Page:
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Defense-wide Manufacturing Science & Technology (DMS&T)


The Department of Defense (DoD) Manufacturing Technology (ManTech) program is an investment mechanism that allows the Department to advance the state of the art for defense-essential manufacturing capability, through the development of technologies and processes necessary for the production of defense systems. The Army, Navy, Air Force, Defense Logistics Agency (DLA), and the Missile Defense Agency (MDA) each have ManTech Programs, while the Deputy Assistant Secretary of Defense (Manufacturing Industrial Base Policy) office has the responsibility for the Defense-wide Manufacturing Science & Technology (DMS&T) ManTech Program.


DMS&T was established in FY08 to address needs beyond the risk of a single Service or agency and to complement those other components' ManTech programs. The Program focuses on cross-cutting defense manufacturing needs – those that are beyond the ability of a single service to address – and stimulates the early development of manufacturing processes and enterprise business practices concurrent with S&T development to achieve the largest cost-effective impact and facilitate the developments enabling capabilities to our Warfighters.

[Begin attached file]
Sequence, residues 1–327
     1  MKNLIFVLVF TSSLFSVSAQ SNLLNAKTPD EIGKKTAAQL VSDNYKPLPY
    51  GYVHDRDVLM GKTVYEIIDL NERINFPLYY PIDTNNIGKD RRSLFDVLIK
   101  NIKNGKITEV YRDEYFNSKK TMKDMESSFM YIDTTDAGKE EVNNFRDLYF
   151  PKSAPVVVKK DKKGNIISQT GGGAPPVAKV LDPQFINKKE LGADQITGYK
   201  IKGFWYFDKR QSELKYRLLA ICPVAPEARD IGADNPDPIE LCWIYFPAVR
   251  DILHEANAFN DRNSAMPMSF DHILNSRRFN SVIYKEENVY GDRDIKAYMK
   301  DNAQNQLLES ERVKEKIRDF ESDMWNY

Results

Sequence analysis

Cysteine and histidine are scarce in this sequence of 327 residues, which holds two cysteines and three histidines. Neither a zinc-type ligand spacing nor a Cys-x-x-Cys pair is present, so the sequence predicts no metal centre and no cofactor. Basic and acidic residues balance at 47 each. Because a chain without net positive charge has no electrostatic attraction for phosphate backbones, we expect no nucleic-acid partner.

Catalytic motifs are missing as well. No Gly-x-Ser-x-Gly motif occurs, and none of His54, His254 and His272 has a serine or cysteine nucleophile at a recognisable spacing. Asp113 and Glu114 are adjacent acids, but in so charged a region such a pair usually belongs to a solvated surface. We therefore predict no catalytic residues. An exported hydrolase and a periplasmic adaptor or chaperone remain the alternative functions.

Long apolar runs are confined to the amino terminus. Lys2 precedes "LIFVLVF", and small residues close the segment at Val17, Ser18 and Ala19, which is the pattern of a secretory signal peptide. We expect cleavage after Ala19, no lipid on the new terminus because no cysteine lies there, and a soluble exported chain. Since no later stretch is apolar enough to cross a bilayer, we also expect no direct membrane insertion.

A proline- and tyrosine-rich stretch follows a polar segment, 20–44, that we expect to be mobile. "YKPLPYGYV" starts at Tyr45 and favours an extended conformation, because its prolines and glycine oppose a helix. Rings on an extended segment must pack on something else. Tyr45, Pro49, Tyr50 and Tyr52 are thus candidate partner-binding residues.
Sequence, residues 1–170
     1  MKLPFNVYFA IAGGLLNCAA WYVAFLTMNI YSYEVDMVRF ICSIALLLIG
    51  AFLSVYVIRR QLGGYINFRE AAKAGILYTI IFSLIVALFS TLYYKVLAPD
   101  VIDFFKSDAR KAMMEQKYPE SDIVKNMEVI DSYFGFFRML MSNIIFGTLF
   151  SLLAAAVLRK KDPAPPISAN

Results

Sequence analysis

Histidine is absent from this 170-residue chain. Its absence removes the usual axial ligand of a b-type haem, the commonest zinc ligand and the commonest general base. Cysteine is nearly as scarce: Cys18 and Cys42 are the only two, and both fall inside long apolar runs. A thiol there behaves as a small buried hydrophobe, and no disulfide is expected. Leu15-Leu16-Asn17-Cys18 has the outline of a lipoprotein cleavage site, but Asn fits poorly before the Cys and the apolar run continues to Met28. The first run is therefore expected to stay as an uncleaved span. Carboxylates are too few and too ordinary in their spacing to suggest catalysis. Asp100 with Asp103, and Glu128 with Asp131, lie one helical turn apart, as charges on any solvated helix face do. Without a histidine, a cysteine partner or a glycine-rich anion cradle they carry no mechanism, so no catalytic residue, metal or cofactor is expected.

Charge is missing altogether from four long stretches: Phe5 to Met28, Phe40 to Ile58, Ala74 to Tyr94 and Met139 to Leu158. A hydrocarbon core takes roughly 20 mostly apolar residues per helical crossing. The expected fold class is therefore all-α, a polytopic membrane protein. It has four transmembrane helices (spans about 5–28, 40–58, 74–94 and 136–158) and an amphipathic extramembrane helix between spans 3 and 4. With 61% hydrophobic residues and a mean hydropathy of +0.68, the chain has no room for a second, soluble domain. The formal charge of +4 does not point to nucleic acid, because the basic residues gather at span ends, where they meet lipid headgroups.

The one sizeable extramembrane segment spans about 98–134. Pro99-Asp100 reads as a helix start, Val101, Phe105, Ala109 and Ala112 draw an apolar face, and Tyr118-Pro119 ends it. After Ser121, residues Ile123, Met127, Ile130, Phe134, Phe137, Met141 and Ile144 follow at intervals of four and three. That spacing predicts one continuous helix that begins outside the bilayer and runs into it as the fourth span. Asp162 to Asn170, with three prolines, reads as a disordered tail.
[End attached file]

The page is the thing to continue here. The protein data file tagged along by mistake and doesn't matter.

What Makes a Good DMS&T Project?

Information for Government Project Leads

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FY18 Budget: $21.3M Core, $133.8M Manufacturing USA Institutes

Out-Year Consideratons

Examples of Current Projects

Success Stories

Improved Manufacturing Processes and Affordability of Chip Scale Atomic Clocks

Download [pdf - 193KB] Project Completion: September 2014

DoD ManTech invested in improving the manufacturing processes and affordability of the Chip Scale Atomic Clocks. Collaboration between DMS&T, Army, and GPS Directorate program offices resulted in automating key manufacturing processes of the physics package and expanded the practical CSAC usage markets by lowering the cost. The expected return on investment is 42:1.